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The classic solution to do this would be to use a key cut into the axle and a keyed gear: The red Key rests in a slot machined into the axle and corresponds to a slot in the gear. This prevents the gear from slipping around the axle, but needs other features (like a snap ring) to prevent sliding along the axle's rotational axis. The gear in the machine you ...


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If you want a simple fix and the internal splines of the gear itself and the external mating surface of the drive shaft are okay, not stripped, and the only issue you are having is movement "along the drive shaft", then putting some hose clamps on the shaft snug up against the gear and clipping off the excess should work to keep it in its ...


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Planetary gear? Both shafts will rotate at a different speed / transmit a different torque, depending on what you're after. Electric drills often use these gearboxes if they have multiple speeds.


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No. You cannot increase both torque and speed without adding more energy to a system. In a gear train/belt & pulley combo, you have one member rotating slower but with higher torque and the other faster but with lower torque. You would need an outside power source to further increase the speed or torque beyond what you input, per the conservation of ...


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A simple machine is what you're referring to. A simple machine turns motion into mechanical advantage. Examples include: lever inclined plane pulleys wheel & axle gears inclined plane/wedge/screw These machines convert extra motion or rotation into mechanical advantage so that the same work can be done with less applied force.


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Ok I think I understand the intention now. Here is a thought of how to do it with timing belts. 6 half axles and 2 common shafts M1 and M2. All 6 half axles would all need to be horizontally adjustable to tension the 6 belts. Everything could mount to "2D" vertically oriented sheet metal or laser cut parts, and the same shafts, bearings, and ...


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There are several possibilities depending on what it is you are trying to achieve with your motors. As Pete pointed out, just syncing all your wheels would KEEP things the same phase (180 deg) apart. Next up: the thing your diagram seems to represent - two sets where two outer 'wheels' and the middle 'wheel' of the opposite side are in sync. This allows you ...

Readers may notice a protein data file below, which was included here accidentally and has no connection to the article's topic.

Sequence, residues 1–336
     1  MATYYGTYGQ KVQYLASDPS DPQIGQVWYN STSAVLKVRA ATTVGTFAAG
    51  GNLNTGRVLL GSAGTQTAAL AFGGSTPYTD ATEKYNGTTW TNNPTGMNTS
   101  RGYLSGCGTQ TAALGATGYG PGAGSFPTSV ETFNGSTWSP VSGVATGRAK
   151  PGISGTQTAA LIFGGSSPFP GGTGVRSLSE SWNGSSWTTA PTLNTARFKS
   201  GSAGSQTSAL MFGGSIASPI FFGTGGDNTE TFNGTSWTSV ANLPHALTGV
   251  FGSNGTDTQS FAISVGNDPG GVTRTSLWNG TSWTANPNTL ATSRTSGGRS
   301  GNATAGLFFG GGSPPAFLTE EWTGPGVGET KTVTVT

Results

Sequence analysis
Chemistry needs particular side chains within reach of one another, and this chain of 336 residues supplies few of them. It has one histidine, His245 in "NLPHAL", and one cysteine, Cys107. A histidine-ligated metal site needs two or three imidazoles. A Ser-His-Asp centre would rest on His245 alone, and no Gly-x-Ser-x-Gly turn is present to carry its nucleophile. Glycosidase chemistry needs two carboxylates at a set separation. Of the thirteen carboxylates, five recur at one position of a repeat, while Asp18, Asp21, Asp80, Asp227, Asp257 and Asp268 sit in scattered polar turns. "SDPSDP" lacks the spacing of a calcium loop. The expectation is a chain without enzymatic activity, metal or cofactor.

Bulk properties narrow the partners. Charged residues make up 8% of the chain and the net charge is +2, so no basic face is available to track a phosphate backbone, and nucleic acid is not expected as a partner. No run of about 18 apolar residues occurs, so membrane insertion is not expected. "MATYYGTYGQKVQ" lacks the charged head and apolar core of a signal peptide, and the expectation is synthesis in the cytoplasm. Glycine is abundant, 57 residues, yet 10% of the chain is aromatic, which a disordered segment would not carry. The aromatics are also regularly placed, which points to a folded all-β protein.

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The pitch line velocities (tangent velocity at the pitch diameter) are the same for both gears in mesh. If they weren't you would have the tooth of one gear traveling through the tooth of the other gear. At the point of contact the pitch line velocities and the forces exerted are equal, thus you have no change in power. As for the derivation of your ...


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It really depends on what your application requires. Sometimes the optimal layout isn't feasible so you have to use what is. But here are some general rules of thumb to add on to NMech's answer: Typical maximum ratio is 5:1 or less for parallel axis spur gears. If your gear radius of curvature is significantly greater than your pinion, you'll have ...


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Late to the party... a simpler alternate solution to planetary gearsets is available for coaxial input/output if you don't care about symmetry around the drive shaft. it's used in some tower clocks. The solution is to choose tooth counts that yield the same sum between two sets of pinions and wheels (which will have equivalent radius sums) across 3 axles (...


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I think you've most criteria covered for the case you are considering in your post. The only criterion I haven't seen is wear and tear. Regarding wear and tear there are mainly the following considerations: the first is that the smaller gear should not have less than 11 teeth under any circumstances (preferably not less that 14 if possible). Usually 17 ...


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tl;dr Not exactly. Your face gear tooth space and pitch would need to match your pinion tooth, which is a constant thickness. The problem is you need that constant space width at multiple radii on the face gear. But if your pitch is fine enough on a large enough radius on the face gear that difference gets smaller. You could use "straight" face ...


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